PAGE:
Of course, Saint John of Damascus said much more than I have here, and provided long lists of quotes from even more ancient authors than himself attesting to the use of images as being an ancient Christian practice and not a later innovation.
Well, that’s their problem now, isn’t it?
God commanded the Israelites to make statues. Why then should it bother them, or you? Why is it even scary? Again, as you said, correctly: we don’t worship the statues as gods. So again, I ask: what’s the problem?
We have pictures of family members and friends in our homes and on our desks. The saints and angels are friends given to us by God to share life in Christ. If they become de facto minor deities for you, then yes, you need to change your outlook. That is not the kind of help they are meant to be.
Even your Crucifix should not be an idol. Your Christmas crèche should not be an idol of the Baby Jesus. This is not what most people think these representations are, though.
Consider sacred icons: they are sometimes called “windows into heaven.” Early iconography can be found in the catacomb paintings (that is, from the 2nd and 3rd century). Tradition has it that St. Luke the Evangelist was the first Christian iconographer–that is, that those who had looked on the faces of Our Lord and Our Lady wrote icons and kept them. Doctors of the Church such as St. John Chrysostom and St. Basil the Great said they used icons to keep themselves focused while at study: for instance, St. John said he studied the Epistles of Paul with an icon of St. Paul where he could see it, so as to keep in mind the person who wrote those letters and to invoke the saint’s blessing as he worked. Controversy over this didn’t arise until the 7th and 8th centuries, influenced not by the words of Church Fathers but by Islamic and Jewish thinkers.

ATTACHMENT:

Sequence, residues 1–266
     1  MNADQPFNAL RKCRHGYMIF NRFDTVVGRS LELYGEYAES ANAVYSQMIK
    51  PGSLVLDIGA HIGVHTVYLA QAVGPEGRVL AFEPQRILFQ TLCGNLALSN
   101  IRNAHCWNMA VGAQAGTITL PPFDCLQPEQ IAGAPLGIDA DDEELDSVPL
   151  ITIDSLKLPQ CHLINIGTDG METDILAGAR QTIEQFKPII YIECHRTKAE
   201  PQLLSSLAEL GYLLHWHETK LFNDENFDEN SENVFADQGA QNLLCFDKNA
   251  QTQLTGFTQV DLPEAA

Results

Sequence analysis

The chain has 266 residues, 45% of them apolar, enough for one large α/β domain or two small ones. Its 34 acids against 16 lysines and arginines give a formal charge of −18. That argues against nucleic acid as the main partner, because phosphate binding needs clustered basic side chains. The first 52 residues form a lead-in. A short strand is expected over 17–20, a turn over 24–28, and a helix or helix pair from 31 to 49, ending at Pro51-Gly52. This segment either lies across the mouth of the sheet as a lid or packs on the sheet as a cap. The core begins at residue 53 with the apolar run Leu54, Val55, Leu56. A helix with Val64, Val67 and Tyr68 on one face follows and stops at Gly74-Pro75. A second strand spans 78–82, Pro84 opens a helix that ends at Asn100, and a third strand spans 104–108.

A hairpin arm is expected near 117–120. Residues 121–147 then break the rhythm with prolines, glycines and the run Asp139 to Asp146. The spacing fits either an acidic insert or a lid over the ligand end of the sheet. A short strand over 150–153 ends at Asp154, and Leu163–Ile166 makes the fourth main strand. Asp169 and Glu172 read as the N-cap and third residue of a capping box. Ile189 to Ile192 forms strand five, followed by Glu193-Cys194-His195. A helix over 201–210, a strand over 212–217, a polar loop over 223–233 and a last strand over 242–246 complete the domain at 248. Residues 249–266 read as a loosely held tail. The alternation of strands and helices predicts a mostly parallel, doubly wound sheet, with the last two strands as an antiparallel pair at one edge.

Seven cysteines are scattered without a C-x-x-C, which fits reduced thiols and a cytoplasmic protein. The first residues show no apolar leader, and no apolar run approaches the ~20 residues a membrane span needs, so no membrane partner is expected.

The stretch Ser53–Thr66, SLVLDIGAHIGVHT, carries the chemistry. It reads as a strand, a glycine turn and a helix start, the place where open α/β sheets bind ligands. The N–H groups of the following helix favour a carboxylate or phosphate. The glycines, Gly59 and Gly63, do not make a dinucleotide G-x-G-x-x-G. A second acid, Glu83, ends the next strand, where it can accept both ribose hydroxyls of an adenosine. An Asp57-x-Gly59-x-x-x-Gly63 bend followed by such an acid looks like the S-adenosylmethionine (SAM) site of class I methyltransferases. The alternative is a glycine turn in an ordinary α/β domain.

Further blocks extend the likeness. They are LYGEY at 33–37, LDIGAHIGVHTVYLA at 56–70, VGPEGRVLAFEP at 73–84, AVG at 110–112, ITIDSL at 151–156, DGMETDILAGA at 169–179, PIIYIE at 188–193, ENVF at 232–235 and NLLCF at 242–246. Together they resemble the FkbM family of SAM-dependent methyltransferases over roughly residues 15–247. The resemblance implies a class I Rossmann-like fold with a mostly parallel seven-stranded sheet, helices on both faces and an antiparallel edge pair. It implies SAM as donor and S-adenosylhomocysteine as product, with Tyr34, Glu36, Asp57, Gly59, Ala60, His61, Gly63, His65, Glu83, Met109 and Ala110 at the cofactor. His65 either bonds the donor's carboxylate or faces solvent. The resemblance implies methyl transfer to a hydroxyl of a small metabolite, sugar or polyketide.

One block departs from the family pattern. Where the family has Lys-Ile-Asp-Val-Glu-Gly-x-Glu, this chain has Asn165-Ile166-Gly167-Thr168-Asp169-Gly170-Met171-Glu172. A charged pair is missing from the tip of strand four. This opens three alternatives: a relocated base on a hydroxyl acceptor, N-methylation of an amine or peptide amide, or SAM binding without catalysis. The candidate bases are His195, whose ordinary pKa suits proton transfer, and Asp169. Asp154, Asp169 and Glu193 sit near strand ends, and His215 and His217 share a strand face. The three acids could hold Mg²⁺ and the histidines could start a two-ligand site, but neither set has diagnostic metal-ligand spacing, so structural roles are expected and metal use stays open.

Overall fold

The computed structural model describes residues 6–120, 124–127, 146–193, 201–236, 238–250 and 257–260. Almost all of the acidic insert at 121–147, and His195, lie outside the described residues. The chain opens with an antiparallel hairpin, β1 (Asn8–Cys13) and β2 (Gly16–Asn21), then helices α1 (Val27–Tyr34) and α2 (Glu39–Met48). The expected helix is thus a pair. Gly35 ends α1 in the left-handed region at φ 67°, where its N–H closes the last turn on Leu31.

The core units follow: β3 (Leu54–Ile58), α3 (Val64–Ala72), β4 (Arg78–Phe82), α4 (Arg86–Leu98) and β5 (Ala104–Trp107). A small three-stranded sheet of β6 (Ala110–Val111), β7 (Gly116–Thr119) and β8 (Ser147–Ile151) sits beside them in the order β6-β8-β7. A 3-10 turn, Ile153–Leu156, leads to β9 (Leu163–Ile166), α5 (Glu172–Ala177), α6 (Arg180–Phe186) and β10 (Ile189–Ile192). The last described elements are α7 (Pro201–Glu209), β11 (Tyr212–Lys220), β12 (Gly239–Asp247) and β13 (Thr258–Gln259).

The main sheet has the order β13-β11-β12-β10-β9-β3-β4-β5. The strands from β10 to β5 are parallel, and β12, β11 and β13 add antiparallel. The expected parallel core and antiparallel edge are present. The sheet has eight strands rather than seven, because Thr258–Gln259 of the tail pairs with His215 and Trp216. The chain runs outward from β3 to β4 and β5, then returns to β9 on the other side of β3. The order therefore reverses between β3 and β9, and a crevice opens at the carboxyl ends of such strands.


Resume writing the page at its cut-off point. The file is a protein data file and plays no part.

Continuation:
I don’t know I was reading an argument and people on each side kept bringing up Bible verses and I was just curious
I’m afraid you’re going to have to be clearer than that.
This Catholic Answers tract does a better job of explaining the situation than I could:
Oh ok I sorta get it now thanks
The Catholic Answers tract is very good, particularly since it is aimed exactly at answering people who raise these concerns or even accuse Catholics of idolatry.
Many Protestants, particularly of the Evangelical variety, have a strong anti-Catholic bias and have serious misunderstandings of what the Catholic Church actually believes and practices.
Same reason we have pictures of our family members, friends and loved ones in our homes — to remember them and call them to mind. The statues are of Our Blessed Mother, Jesus and Saints so they are our spiritual ancestors and when we have statues of them in Church or portraits they are there to call to mind our loved spiritual ancestors and remind them.